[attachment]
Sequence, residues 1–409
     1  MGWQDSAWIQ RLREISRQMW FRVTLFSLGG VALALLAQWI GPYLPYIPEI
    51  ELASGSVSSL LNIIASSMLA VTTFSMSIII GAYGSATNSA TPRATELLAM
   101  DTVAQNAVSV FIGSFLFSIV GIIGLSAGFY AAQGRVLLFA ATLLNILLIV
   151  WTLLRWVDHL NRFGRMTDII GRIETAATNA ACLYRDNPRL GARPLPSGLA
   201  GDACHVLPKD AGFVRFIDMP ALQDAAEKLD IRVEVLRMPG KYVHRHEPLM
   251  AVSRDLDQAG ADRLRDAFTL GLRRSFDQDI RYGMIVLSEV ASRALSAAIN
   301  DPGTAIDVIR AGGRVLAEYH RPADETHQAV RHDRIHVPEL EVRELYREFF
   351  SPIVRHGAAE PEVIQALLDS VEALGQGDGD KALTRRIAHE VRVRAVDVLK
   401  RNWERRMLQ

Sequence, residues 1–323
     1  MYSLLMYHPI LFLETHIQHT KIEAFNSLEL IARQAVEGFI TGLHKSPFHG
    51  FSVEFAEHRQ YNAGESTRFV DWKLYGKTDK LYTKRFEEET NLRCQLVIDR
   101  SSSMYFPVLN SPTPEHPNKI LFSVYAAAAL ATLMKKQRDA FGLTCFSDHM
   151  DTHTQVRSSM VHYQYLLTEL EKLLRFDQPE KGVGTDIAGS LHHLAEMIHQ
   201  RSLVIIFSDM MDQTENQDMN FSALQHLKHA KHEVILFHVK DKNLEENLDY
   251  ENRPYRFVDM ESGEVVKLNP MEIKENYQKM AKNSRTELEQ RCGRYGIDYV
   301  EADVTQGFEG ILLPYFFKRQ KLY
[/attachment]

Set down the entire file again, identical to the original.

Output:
Sequence, residues 1–409
     1  MGWQDSAWIQ RLREISRQMW FRVTLFSLGG VALALLAQWI GPYLPYIPEI
    51  ELASGSVSSL LNIIASSMLA VTTFSMSIII GAYGSATNSA TPRATELLAM
   101  DTVAQNAVSV FIGSFLFSIV GIIGLSAGFY AAQGRVLLFA ATLLNILLIV
   151  WTLLRWVDHL NRFGRMTDII GRIETAATNA ACLYRDNPRL GARPLPSGLA
   201  GDACHVLPKD AGFVRFIDMP ALQDAAEKLD IRVEVLRMPG KYVHRHEPLM
   251  AVSRDLDQAG ADRLRDAFTL GLRRSFDQDI RYGMIVLSEV ASRALSAAIN
   301  DPGTAIDVIR AGGRVLAEYH RPADETHQAV RHDRIHVPEL EVRELYREFF
   351  SPIVRHGAAE PEVIQALLDS VEALGQGDGD KALTRRIAHE VRVRAVDVLK
   401  RNWERRMLQ

Sequence, residues 1–323
     1  MYSLLMYHPI LFLETHIQHT KIEAFNSLEL IARQAVEGFI TGLHKSPFHG
    51  FSVEFAEHRQ YNAGESTRFV DWKLYGKTDK LYTKRFEEET NLRCQLVIDR
   101  SSSMYFPVLN SPTPEHPNKI LFSVYAAAAL ATLMKKQRDA FGLTCFSDHM
   151  DTHTQVRSSM VHYQYLLTEL EKLLRFDQPE KGVGTDIAGS LHHLAEMIHQ
   201  RSLVIIFSDM MDQTENQDMN FSALQHLKHA KHEVILFHVK DKNLEENLDY
   251  ENRPYRFVDM ESGEVVKLNP MEIKENYQKM AKNSRTELEQ RCGRYGIDYV
   301  EADVTQGFEG ILLPYFFKRQ KLY